Have you noticed a change to the nutrition labels you find on your food? The FDA updated their requirements for what is required on the label and how it looks. They initiated this change “based on updated scientific information, new nutrition research, and input from the public.”1 Did you know they haven’t made changes to the labeling system in over 20 years?! It was absolutely time for an update. Curious as to what has changed? Keep reading to find out!
First, you can read it! You should notice that in the new version the serving sizes are in large, bold font. No squinting required! The serving size is also representative of what a typical person would eat or drink today; not 20 years ago. Please note that the serving size is not a recommendation of how much you should be eating, but a reference as to what the nutritional intake would be for that particular serving size.
Second, calories are also in larger and bolder font to make it easier on the consumer to find and read. The calories needed vary from person to person based on gender, height, weight, age, and physical activity level. To learn more please visit click here.
Third, the Daily Value Percent (DV%) listed, lets you know how much a nutrient plays a roll in the total daily diet.2 A general rule of thumb is a DV of 5% or less is considered low and a DV % of 20% or higher is considered high.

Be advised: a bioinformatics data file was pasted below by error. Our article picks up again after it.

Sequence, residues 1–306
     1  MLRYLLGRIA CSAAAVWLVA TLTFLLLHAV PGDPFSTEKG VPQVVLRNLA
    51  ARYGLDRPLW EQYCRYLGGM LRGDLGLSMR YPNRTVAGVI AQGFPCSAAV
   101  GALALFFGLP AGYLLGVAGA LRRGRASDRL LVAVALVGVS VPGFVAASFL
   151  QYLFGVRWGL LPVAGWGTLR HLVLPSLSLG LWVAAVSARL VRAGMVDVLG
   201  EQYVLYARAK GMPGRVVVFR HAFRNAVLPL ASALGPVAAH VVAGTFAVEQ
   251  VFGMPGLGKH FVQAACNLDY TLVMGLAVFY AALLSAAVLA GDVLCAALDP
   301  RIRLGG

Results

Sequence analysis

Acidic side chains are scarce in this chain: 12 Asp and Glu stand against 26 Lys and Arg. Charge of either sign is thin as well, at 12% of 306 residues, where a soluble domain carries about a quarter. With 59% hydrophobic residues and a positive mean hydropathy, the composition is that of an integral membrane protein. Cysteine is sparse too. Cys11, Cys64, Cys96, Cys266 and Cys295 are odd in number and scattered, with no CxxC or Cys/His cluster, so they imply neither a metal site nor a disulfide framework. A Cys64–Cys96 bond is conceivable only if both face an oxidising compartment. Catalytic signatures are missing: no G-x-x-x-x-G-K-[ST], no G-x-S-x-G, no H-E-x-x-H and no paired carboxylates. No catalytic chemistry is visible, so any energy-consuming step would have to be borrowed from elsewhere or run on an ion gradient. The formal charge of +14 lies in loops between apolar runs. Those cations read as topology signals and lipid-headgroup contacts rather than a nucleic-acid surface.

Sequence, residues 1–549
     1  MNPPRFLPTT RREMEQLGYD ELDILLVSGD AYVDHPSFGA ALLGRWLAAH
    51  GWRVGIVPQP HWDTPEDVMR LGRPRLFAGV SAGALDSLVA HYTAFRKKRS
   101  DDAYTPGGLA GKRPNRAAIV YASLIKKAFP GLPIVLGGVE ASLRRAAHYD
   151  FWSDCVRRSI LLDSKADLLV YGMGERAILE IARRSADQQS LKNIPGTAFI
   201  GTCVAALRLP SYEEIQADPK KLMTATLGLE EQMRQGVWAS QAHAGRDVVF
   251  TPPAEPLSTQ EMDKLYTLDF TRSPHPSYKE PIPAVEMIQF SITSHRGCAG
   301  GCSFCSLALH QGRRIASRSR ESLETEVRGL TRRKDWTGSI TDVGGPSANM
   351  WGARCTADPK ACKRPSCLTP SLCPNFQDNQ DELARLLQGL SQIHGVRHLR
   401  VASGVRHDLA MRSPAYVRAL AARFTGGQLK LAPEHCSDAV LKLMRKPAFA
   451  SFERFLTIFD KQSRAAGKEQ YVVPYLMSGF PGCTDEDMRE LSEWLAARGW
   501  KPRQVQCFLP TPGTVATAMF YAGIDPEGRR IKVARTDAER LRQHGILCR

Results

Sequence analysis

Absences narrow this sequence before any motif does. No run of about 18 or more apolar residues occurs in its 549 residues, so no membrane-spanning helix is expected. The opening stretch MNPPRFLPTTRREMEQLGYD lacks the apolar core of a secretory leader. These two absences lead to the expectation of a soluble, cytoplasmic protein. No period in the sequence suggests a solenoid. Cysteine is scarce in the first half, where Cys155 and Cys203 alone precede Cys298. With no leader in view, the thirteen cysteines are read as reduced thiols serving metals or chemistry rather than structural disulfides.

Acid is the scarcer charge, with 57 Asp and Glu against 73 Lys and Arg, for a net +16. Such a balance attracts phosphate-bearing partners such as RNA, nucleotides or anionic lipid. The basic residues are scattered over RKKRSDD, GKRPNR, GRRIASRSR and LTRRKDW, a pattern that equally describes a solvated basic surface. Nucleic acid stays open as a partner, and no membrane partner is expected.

Fourth, the nutritional label has been updated overall. Calories from fat has been removed because research shows the type of fat consumed is more important than the amount.3 Vitamin A and C are no longer required because research has shown that most people are not deficient in these two vitamins today. Nutritional information on these two vitamins is strictly voluntary. Added Sugars is a new item added to the label. Consuming too much sugar and staying within a caloric range can make it hard to meet nutritional needs. Vitamin D and Potassium have been added to the label because research has shown that the majority of people do not get enough of these in their diet. Calcium and Iron have remained on the label because most folks do not get enough of them in their daily diet.
By reading the label and following the guidelines you can help reduce the risk of developing some health conditions like high blood pressure, cardiovascular disease, osteoporosis, and anemia.4
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